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HEGEL 77     Lectures on the History of Philosophy. Translated by E. S. Haldane and F.H. Simson. London, 1896. Vol. III., p. 62 et seg.

“This proof was included among the various proofs up to the time of Kant, and—by some who have not yet reached the Kantian standpoint—it is so included even to the present day. It is different from what we find and read of amongst the ancients. For it was said that God is absolute thought as objective; for because things in the world are contingent, they are not the truth in and for itself—but this is found in the infinite. The scholastics also xviiiknew well from the Aristotelian philosophy the metaphysical proposition that potentiality is nothing by itself, but is clearly one with actuality. Later, on the other hand, the opposition between thought itself and Being began to appear with Anselm. It is noteworthy that only now for the first time through the Middle Ages and in Christianity, the universal Notion and Being, as it is to ordinary conception, became established in this pure abstraction as these infinite extremes; and thus the highest law has come to consciousness. But we reach our profoundest depths in bringing the highest opposition into consciousness. Only no advance was made beyond the division as such, although Anselm also tried to find the connection between the sides. But while hitherto God appeared as the absolute existent, and the universal was attributed to Him as predicate, an opposite order begins with Anselm—Being becomes predicate, and the absolute Idea is first of all established as the subject, but the subject of thought. Thus if the existence of God is once abandoned as the first hypothesis, and established as a result of thought, self-consciousness is on the way to turn back within itself. Then we have the question coming in, Does God exist? while on the other side the question of most importance was, What is God?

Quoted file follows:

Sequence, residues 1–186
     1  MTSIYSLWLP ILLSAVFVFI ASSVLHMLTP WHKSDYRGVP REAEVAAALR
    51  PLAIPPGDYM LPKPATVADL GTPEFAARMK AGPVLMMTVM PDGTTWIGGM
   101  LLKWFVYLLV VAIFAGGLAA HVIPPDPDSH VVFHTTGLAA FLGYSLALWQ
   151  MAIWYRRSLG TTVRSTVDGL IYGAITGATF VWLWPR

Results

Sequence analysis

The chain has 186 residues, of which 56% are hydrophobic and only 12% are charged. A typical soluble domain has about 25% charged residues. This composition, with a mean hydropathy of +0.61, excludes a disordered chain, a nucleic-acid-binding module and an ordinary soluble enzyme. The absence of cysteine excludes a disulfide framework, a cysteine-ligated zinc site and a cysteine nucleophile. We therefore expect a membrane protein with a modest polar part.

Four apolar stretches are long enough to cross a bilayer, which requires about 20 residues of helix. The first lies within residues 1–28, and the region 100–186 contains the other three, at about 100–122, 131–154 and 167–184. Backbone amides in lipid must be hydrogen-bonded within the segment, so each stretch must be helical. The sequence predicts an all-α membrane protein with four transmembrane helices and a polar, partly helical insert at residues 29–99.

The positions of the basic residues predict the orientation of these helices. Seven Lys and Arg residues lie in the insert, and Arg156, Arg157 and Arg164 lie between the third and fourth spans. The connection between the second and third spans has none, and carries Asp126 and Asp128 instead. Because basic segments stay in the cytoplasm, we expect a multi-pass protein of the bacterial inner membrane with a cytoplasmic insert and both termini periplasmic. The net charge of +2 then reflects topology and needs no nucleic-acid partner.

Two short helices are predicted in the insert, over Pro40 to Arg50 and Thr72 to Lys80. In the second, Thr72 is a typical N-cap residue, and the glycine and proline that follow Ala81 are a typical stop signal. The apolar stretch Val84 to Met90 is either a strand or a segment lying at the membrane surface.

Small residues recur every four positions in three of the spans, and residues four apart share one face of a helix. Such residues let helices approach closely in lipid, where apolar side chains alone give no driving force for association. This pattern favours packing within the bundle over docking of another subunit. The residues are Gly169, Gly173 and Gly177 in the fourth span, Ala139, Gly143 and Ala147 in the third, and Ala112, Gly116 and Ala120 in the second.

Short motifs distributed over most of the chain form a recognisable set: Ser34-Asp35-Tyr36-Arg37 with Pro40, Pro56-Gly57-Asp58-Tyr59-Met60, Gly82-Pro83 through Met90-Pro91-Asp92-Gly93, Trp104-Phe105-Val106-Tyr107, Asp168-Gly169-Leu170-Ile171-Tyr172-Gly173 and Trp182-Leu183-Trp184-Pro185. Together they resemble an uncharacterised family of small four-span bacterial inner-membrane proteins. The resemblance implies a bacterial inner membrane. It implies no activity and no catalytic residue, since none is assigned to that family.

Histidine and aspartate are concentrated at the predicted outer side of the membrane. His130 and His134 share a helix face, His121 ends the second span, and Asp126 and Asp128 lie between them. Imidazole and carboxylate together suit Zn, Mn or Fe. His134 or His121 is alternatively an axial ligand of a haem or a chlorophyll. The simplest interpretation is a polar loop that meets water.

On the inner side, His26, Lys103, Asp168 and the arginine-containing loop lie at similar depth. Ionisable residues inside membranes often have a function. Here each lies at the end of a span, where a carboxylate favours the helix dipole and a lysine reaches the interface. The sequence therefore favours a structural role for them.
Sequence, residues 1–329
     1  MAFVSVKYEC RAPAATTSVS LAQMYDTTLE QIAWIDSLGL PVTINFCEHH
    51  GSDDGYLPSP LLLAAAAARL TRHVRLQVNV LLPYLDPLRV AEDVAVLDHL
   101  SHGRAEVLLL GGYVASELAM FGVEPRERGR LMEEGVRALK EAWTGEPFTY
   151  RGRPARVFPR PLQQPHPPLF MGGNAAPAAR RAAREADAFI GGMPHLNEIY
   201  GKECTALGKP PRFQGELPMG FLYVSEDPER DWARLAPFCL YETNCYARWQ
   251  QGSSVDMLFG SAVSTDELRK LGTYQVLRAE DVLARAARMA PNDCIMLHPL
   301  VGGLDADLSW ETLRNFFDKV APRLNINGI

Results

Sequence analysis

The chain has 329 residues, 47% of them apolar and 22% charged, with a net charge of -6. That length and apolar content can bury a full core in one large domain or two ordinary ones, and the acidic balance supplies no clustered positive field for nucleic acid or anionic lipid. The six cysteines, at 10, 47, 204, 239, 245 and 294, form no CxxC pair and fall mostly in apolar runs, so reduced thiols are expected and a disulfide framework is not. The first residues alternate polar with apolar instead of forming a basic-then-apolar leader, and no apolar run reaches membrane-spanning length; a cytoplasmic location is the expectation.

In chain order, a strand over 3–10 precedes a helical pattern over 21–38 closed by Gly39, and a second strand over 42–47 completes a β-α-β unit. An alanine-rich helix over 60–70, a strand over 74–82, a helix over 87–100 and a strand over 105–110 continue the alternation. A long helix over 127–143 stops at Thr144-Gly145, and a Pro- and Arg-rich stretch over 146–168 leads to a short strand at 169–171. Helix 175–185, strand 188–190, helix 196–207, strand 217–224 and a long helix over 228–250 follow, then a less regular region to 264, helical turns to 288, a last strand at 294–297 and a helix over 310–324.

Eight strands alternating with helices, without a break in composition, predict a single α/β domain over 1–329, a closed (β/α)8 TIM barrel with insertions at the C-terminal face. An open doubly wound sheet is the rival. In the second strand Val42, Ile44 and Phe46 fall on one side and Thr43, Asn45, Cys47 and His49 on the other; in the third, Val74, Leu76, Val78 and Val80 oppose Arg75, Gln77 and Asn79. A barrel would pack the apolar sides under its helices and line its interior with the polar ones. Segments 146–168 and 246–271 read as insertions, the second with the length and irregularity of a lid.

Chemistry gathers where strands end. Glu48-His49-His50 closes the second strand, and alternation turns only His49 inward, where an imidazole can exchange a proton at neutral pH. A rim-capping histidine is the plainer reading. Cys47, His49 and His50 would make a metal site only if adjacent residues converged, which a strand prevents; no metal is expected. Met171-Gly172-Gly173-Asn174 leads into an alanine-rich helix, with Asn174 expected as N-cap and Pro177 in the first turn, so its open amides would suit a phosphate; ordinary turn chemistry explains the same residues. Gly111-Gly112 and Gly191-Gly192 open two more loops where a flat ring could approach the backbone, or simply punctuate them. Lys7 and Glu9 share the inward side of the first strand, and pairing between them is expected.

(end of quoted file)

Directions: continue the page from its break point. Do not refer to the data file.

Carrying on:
“The ontological proof, which is the first properly metaphysical proof of the existence of God, consequently came to mean that God as the Idea of existence which unites all reality in itself, also has the reality of existence within Himself; this proof thus follows from the Notion of God, that He is the universal essence of all essence. The drift of this reasoning is, according to Anselm (Proslogium, C. 2), as follows: ‘It is one thing to say that a thing is in the understanding, and quite another to perceive that it exists. Even an ignorant person (insipiens) will thus be quite convinced that in thought there is something beyond which nothing greater can be thought ; for when he hears this he understands it, and everything that is understood is in the understanding. But that beyond which nothing greater can be thought cannot certainly be in the understanding alone. For if it is accepted as in thought alone, we may go on farther to accept it as existent; that, however, is something greater’ than what is merely thought. ‘Thus were that beyond which nothing greater can be thought merely in the understanding, that beyond which nothing greater can be thought would be something beyond which something greater can be thought. But that is truly impossible; there thus xixwithout doubt exists both in the understanding and in reality something beyond which nothing greater can be thought.’ The highest conception cannot be in the understanding alone; it is essential that it should exist. Thus it is made clear that Being is in a superficial way subsumed under the universal of reality, that to this extent Being does not enter into opposition with the Notion. That is quite right; only the transition is not demonstrated—that the subjective understanding abrogates itself. This, however, is just the question which gives the whole interest to the matter. When reality or completion is expressed in such a way that it is not yet posited as existent, it is something thought, and rather opposed to Being than that this is subsumed under it.